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States Seek to Tighten Reigns on Gov't Surveillance


State lawmakers are sending a message to the federal government and local law enforcement: stop spying on private citizens.

At least 14 states across the country are taking steps to prevent government surveillance of ordinary people.

They're angry the National Security Agency has been tracking Americans' digital activities, and that the federal government hasn't done much to stop it since the program was exposed in May of 2013.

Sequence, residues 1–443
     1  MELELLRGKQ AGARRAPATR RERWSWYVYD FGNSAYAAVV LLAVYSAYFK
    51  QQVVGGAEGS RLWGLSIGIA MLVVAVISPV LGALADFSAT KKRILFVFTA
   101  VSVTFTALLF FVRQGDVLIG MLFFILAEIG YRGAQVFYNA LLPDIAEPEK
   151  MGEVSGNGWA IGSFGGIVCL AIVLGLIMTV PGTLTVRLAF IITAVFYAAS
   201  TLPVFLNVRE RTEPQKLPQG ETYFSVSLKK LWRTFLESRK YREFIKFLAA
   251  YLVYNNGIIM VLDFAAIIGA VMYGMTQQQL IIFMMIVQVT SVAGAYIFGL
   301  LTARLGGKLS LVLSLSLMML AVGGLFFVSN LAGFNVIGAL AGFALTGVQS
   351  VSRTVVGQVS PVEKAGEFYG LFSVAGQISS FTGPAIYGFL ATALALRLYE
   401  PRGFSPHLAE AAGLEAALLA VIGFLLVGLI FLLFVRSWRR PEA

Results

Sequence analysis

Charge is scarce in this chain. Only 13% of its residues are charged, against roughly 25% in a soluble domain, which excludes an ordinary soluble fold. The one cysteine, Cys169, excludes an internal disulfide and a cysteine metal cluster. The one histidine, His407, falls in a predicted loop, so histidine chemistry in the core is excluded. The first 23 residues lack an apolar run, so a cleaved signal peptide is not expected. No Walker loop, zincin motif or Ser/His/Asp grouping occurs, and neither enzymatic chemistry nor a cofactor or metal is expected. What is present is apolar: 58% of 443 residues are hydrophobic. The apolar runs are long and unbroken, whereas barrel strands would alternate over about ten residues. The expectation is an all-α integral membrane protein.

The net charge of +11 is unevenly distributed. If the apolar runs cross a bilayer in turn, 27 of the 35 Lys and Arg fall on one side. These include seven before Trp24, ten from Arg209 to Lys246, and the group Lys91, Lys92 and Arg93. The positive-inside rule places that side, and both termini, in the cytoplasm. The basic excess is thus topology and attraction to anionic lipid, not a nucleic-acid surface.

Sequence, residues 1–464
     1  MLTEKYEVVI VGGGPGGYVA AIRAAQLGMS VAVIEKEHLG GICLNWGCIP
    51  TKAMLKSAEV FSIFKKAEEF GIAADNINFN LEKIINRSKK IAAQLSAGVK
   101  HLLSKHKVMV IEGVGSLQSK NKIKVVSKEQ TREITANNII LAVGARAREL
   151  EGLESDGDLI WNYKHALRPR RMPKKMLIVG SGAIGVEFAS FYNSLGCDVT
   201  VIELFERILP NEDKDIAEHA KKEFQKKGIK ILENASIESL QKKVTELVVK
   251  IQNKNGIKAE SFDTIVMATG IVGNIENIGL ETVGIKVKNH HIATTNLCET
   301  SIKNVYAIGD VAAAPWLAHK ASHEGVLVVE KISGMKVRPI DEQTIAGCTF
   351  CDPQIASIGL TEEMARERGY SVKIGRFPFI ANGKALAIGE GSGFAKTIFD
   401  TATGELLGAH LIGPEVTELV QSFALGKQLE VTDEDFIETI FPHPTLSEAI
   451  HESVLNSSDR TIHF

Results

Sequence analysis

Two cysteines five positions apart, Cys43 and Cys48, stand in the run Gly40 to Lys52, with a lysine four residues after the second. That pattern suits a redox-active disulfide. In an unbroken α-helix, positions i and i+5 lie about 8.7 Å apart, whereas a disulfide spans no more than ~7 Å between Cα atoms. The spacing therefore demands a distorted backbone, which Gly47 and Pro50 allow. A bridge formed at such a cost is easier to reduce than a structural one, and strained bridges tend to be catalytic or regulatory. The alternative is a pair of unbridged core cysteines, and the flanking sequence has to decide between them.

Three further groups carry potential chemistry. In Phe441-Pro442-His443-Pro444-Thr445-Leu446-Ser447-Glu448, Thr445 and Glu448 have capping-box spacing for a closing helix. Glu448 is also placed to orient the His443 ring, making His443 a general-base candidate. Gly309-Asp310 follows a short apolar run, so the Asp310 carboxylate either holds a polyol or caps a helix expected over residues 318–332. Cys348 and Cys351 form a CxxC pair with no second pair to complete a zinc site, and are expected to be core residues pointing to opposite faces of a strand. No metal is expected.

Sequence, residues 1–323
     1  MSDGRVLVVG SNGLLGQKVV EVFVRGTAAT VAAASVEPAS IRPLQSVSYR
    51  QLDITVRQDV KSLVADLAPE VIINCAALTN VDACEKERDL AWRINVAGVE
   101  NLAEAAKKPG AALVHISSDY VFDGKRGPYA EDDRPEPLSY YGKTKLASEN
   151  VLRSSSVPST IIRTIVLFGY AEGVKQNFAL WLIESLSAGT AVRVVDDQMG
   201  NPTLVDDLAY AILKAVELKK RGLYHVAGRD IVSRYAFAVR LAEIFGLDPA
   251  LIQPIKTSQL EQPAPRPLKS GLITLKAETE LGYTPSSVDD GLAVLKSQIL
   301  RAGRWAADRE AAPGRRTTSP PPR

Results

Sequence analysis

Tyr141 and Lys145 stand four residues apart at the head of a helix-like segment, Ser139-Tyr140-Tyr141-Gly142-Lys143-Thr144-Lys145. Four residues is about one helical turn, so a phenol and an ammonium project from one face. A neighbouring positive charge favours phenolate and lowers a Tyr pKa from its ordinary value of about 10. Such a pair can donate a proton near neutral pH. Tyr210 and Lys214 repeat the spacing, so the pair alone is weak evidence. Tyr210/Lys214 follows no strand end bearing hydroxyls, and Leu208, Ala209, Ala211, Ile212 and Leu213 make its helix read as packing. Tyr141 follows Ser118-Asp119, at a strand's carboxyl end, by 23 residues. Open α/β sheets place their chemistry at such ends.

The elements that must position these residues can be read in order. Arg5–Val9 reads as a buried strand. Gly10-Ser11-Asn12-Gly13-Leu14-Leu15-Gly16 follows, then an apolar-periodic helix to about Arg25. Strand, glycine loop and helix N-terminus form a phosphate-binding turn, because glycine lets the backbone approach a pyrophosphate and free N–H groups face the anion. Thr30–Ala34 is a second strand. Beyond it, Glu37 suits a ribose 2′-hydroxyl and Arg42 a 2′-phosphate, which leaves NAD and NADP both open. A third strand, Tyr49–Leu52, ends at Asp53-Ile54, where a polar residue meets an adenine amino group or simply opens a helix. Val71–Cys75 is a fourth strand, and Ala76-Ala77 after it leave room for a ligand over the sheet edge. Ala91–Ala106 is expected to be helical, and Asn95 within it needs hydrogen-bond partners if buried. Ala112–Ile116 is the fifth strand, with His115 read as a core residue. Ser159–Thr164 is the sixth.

Lawmakers in several states are now taking action to protect citizens' privacy.

In Colorado, legislators introduced a bill that would limit the retention of images from license plate readers.

A measure in Oregon would require "urgent circumstances" to obtain cell phone location data.

And in Delaware, lawmakers are proposing a plan that increases privacy protections for text messages.

Supporters said the measures are needed to preserve liberty. But opponents worry they will hinder law enforcement efforts.

Some bills promoting broader protections against email surveillance have already passed, but they've had varying results. One proposal became law in Texas last year, but a similar measure was vetoed in California where the governor said it was too onerous for police to follow.

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